Multiphoton Fluorescence Microscopy
Two-photon and three-photon excitation occurs as the result of simultaneous fluorophore absorption by either two or three photons in a single quantitized event. This tutorial explores how fluorescence excitation events occur in multiphoton microscopy utilizing the classical Jablonski diagram.
The tutorial initializes with the wavelength selection guide (left-hand side of the window) set to 700 nanometers, on the border between the visible and near-infrared range. This wavelength is commonly utilized for two-photon excitation with Ti:sapphire pulsed mode-locked laser systems. The excitation mode is dictated by the wavelength marker on the wavelength selection guide. Between 300 and 600 nanometers, the tutorial is in single-photon excitation mode, and clicking on the Start button will launch a single electron to an excited state after the photon has arrived. the excitation and emission wavelengths, and their associated colors, are presented on the right-hand side of the tutorial window. When the marker is set between 600 and 1000 nanometers, the tutorial is in two-photon excitation mode. Clicking on the Start button will launch two photons whose arrival time is dictated by the Excitation Delay slider. When the slider is in the range 10 e(-18) to 10 e(-20), the two photons will arrive in time for the electron to be promoted through the virtual state to an excited singlet energy state. Longer times will not allow the transition. Adjusting the wavelength marker to values higher than 1000 nanometers will place the tutorial in three-photon excitation mode. In this mode, the tutorial behaves in a similar manner to the two-photon state, except that three photons must be incident for excitation to occur.
At high photon densities, two photons can be simultaneously absorbed (mediated by a virtual state) by combining their energies to provoke the electronic transition of a fluorophore to the excited state. Because the energy of a photon is inversely proportional to its wavelength, the two photons should have wavelengths about twice that required for single-photon excitation. As an example, two photons having a wavelength of 640 nanometers (red light) can combine to excite an ultraviolet-absorbing fluorophore in the 320-nanometer region (ultraviolet), which will result in secondary fluorescence emission of longer (blue or green) wavelengths. This unique application means that longer wavelengths, extending into the infrared region, can be conveniently utilized to excite chromophores in a single quantum event, which subsequently emit secondary radiation at lower wavelengths.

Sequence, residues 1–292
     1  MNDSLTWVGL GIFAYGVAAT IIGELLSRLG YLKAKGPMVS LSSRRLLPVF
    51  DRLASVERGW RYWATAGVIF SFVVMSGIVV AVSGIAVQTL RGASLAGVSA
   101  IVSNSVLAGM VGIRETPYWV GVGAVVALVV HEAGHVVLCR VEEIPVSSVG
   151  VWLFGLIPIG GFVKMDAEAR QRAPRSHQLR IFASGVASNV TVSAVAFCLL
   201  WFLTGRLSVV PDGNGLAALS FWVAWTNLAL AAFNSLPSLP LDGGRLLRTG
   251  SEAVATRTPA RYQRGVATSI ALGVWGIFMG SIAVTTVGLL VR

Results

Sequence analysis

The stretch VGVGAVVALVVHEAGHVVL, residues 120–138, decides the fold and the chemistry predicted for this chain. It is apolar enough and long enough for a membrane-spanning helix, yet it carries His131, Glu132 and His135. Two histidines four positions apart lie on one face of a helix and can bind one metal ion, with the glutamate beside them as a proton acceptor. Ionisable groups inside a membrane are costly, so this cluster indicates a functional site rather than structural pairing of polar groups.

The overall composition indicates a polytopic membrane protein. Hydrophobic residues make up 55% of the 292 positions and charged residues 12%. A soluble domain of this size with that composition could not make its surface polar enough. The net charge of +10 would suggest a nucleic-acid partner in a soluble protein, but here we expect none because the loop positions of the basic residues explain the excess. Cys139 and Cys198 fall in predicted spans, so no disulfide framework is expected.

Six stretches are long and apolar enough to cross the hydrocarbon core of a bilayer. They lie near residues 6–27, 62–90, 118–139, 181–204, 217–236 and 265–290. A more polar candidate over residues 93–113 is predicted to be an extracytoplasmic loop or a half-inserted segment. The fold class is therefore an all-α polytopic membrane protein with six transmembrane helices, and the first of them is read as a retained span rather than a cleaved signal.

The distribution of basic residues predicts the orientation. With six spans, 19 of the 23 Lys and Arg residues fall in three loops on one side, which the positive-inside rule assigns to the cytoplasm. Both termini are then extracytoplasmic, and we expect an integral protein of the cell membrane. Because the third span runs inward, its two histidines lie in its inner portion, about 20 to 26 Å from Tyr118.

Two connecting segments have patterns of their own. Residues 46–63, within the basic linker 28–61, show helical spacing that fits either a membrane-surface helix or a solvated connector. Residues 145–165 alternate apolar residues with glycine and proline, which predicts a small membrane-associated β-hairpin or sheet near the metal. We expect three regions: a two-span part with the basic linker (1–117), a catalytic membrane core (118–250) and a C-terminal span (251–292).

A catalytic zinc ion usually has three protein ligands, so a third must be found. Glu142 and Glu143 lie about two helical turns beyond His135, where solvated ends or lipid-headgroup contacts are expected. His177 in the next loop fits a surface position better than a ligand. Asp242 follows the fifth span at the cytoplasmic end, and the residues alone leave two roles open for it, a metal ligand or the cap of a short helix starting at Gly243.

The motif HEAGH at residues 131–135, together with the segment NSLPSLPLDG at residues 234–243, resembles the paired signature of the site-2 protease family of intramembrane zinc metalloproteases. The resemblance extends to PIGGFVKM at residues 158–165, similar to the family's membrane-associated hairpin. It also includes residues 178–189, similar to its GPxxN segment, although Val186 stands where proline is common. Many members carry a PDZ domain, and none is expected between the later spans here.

The requirement of two photons for each excitation event necessitates a rate constant that depends upon the square of the excitation intensity. Although the photons do not have to be of identical wavelength to induce multiphoton excitation, most experimental systems are designed with a single laser source, so the two photons are usually members of a defined population having a narrow wavelength distribution. Unlike the case for single-photon absorption, the probability that a given fluorophore will simultaneously absorb two photons is a function of both the spatial and temporal overlap between the incident photons. Calculations based on the assumption that each fluorophore is exposed to the same laser cross section indicate that photons must arrive within 10(-18) seconds (one attosecond) of each other. The time scale of this overlap period is consistent with the lifetime (10(-17) seconds or 0.01 femtosecond) of the intermediate virtual state.
Three-photon excitation is a related non-linear optical absorption event that can occur in a manner similar to two-photon excitation. The difference is that three photons must interact simultaneously with the fluorophore to elicit a transition to the excited singlet state. A benefit of three-photon excitation is that successful absorption requires only a tenfold greater concentration of photons than two-photon absorption, making this technique attractive for some experiments. Three-photon excitation can enhance z-axis resolution to an even greater degree than two-photon absorption. This is due to a smaller cross section for fluorophore excitation caused by the requirement for simultaneous interaction with three individual photons. In practice, a laser emitting infrared light with a wavelength distribution centered at 1050 nanometers is able to excite a fluorophore that absorbs in the ultraviolet region (approximately 350 nanometers, one-third of the excitation wavelength). The same laser can simultaneously excite another fluorophore at half the wavelength (525 nanometers), a useful combination in dual-labeled biological experiments.
David W. Piston - Department of Molecular Physiology and Biophysics, Vanderbilt University, 702 Light Hall, Nashville, Tennessee, 37212.
Brian O. Flynn, John C. Long, Matthew J. Parry-Hill, and Michael W. Davidson - National High Magnetic Field Laboratory, 1800 East Paul Dirac Dr., The Florida State University, Tallahassee, Florida, 32310.
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